I like to weigh my words carefully, measuring each thought against its many possible expressions. But the immediacy of some prayer traditions asks for a different kind of practice, a relaxing of an otherwise curated word order. Being asked to pray in last week’s meeting transported me to the times and places in my life where the divine has commanded more of my attention, standing guard over a tongue that tends to wander off on its own. I thought of the Landmark Missionary Baptist Church where my grandparents were baptized and my mother was raised. I remembered the Southern Baptist congregation in New Jersey where I learned to sing all four verses of the hymns I still know by heart. I also heard voices lifted in the Evangelisch-Freikirchlicher Gemeinden where my own faith sounded foreign. I, too, am a stranger in the land.

As I ended the meeting in prayer, I drew on roots I will spend a lifetime tending. In my tentative gestures, I heard my grandfather’s voice lifting hopes that might one day be mine. When my grandfather prays, as he does at each meal and every time we head out the door for a homeward journey, he beseeches traveling mercies for his loved ones. His are the prayers that call us by name. When my grandfather dies, I worry that our words will not suffice. Can unproven liturgies carry the weight of so much grief? I imagine we’ll be shocked by the silence, listening for echoes of my grandfather’s voice and its daily call to obedience and grace.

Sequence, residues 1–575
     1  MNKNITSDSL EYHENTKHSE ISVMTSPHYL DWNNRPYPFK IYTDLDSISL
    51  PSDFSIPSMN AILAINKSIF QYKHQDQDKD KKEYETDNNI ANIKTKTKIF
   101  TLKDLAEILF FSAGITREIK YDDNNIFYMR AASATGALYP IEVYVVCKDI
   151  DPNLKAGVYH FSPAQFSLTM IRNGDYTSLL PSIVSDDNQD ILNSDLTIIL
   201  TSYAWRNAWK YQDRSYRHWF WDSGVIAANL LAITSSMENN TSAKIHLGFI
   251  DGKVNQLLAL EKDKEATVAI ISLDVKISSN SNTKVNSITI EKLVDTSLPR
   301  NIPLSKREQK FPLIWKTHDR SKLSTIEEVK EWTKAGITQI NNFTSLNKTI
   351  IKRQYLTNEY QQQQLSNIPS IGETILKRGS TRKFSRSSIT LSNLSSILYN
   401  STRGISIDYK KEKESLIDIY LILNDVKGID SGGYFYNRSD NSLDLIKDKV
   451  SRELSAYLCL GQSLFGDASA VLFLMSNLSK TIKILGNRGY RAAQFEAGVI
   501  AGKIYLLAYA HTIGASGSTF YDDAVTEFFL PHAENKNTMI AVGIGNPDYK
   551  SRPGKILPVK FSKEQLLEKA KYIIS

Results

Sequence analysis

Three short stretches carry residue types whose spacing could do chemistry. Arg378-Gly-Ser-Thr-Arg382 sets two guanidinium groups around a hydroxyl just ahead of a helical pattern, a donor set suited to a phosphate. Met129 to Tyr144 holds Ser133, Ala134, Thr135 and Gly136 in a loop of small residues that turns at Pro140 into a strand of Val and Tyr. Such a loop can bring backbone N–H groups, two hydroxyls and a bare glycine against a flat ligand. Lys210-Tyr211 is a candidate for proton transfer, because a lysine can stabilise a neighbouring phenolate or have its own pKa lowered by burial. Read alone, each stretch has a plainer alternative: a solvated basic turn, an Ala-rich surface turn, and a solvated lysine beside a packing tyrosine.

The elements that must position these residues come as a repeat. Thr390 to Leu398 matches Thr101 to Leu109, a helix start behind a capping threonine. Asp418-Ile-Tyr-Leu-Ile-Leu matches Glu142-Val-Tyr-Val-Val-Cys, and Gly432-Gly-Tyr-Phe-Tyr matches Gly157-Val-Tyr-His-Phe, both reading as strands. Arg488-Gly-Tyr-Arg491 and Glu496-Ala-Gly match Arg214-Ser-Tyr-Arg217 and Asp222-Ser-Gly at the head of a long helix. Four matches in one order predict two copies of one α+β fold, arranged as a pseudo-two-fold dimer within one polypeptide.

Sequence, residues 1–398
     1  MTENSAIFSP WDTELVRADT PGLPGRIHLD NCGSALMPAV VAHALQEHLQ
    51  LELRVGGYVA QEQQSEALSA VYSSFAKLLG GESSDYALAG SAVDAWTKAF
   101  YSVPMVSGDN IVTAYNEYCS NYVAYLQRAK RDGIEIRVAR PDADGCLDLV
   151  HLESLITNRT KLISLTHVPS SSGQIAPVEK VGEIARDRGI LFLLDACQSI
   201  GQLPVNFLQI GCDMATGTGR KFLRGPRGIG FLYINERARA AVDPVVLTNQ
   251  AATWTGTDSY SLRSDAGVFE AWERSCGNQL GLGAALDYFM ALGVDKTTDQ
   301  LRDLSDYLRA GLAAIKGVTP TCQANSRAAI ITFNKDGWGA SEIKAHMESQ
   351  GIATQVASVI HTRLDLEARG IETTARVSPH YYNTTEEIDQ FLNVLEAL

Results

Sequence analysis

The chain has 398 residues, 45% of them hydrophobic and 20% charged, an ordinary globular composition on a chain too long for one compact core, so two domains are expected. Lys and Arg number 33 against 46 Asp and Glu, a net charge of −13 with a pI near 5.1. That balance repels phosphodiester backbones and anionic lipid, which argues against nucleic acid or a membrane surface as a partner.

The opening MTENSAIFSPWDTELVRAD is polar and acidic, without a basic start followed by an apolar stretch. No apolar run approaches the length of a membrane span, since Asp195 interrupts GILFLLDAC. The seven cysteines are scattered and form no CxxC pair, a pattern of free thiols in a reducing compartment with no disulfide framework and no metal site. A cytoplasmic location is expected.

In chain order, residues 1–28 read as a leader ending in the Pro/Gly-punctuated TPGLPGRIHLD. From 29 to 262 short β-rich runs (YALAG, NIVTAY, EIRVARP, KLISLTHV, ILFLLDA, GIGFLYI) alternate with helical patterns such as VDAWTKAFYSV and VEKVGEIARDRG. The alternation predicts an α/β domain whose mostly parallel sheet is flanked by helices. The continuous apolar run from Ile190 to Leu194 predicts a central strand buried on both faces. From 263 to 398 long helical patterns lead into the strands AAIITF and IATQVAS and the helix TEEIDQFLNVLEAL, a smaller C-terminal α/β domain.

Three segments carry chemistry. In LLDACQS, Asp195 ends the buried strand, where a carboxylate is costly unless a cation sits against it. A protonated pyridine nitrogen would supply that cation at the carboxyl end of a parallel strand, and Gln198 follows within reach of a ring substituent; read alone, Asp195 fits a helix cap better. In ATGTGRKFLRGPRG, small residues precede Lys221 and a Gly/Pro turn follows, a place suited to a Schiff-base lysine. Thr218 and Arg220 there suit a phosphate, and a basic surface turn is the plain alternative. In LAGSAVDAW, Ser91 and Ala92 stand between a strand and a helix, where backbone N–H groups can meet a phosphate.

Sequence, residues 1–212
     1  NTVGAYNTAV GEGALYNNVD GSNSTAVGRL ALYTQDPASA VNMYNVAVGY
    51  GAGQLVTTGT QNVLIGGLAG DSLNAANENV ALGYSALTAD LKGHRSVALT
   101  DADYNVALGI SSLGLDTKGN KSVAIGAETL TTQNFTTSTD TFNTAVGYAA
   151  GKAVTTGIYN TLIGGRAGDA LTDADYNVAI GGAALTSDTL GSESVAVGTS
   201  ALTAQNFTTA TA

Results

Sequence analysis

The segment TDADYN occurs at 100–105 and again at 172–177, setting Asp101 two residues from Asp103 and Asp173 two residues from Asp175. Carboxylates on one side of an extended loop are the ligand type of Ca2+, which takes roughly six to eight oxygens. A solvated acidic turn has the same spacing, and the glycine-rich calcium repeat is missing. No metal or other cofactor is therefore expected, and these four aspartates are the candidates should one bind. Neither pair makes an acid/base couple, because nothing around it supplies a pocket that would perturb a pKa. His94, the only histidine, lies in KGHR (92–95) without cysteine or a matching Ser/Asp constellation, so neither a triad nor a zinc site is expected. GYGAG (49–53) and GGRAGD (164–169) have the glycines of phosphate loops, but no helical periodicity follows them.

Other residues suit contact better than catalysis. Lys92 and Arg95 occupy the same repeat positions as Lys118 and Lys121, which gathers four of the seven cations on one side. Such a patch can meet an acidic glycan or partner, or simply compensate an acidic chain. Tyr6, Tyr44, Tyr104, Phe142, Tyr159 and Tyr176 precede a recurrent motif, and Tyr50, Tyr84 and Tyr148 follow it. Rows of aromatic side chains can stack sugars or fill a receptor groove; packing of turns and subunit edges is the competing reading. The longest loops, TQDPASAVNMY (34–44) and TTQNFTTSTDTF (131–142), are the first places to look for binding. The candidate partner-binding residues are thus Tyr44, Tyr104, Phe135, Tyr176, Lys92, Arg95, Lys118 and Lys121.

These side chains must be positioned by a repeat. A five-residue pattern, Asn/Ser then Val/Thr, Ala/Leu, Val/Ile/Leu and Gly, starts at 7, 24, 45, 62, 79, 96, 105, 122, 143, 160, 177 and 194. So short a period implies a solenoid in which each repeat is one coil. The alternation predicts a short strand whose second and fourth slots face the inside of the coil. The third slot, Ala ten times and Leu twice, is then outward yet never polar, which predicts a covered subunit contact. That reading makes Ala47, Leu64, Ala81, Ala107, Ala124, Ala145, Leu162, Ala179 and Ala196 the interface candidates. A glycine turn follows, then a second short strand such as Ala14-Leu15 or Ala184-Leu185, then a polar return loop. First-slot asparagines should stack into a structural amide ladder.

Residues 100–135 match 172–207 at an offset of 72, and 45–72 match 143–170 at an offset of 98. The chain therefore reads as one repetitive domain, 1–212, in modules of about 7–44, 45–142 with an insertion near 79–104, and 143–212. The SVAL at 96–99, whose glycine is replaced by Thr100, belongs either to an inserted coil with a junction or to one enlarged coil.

Once, when we were visiting the small country church where my grandparents worshipped in the name of a Spirit unashamed to move, the pastor of a dwindling congregation invited my grandfather to close out the service. “Brother Ford, will you lead us in prayer?” The words my grandfather lifted up that day were unlike any I have ever heard him pray. In a space set apart from convention and conventions alike, he called on power and spirit and the mighty hands of a holy God to come down and move and act among His people. The words were loving and fierce and they were not what I was expecting. But it stuck with me, this impassioned plea for presence, this expectation of intervention. And it was these words – visceral and unbidden – that came through at the end of last week’s meeting.